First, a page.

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Russell Power

Maybe someone can answer this for me.  Why doesn't the read/write bandwidth of spinning disk hard drives increase with areal density?

Originally I thought that the bandwidth was limited by the speed of the drive head moving over the platter.  But if that's the case, since we're packing more data in a smaller area, we should have like 1GB/s hard drives by this point in time, and a 1TB drive should be 4 times slower than a 4TB drive.  What's going on?

My only guess is that as drives get denser, they're shrinking the width of the stripe that gets written down, but not the length.  As a result, you still have to spin past the same distance on the drive to read your data.
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We used to have the Onion (America’s Finest News Source) available for free here in New York, in those little weekly newspaper boxes you see lying around. After the hurricane last year, the supply seems to have dried up. This was a sad event. Not only did I get high quality journalism from the paper, they also had a very nice crossword puzzle for lazy Saturday mornings.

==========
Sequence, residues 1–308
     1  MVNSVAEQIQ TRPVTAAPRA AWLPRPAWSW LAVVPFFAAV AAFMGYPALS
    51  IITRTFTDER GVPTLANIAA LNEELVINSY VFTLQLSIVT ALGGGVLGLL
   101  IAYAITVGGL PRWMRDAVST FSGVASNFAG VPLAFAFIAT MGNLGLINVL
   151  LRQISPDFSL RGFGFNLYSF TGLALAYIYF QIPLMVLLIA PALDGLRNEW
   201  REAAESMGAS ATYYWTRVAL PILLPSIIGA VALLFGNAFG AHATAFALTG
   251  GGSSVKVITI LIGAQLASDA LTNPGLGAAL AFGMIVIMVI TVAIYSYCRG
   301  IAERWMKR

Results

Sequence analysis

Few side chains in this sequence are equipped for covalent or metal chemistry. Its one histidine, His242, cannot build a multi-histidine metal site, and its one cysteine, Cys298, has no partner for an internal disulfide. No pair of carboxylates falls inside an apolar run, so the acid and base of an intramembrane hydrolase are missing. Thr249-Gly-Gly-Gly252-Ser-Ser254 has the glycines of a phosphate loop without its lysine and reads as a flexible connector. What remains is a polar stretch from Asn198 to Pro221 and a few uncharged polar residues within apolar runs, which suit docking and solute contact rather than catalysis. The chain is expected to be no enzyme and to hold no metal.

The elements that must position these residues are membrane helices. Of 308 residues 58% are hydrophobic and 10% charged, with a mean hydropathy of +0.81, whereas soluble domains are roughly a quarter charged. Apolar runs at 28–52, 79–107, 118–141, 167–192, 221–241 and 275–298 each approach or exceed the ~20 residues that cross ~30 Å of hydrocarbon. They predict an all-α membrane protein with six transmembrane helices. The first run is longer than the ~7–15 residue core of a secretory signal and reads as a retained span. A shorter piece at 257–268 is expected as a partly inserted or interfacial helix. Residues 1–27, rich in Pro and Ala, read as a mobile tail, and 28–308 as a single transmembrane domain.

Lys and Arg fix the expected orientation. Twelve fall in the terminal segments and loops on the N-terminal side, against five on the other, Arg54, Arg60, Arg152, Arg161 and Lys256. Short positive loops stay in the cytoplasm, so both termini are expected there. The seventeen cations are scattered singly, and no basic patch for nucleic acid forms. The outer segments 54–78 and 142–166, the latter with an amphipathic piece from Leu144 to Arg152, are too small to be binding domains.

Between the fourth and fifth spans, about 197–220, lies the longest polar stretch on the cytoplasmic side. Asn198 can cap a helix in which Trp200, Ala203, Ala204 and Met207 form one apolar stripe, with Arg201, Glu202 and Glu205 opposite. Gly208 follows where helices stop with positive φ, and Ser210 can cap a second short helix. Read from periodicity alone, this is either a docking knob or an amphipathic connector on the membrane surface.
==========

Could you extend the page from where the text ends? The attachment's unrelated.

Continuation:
Enterprising individuals have begun reusing the boxes for temporary clothing storage, and some of them have been commandeered for other, not as interesting papers. (New York real estate is valuable, after all).

I don’t often check their website, as it adds to the already crippling amount of distraction that I experience in a day, but this article caught my eye. As a person who finds comfort in the knowledge that the universe will eventually empty out into a cold cinder, I can’t help but approve when others notice the same.
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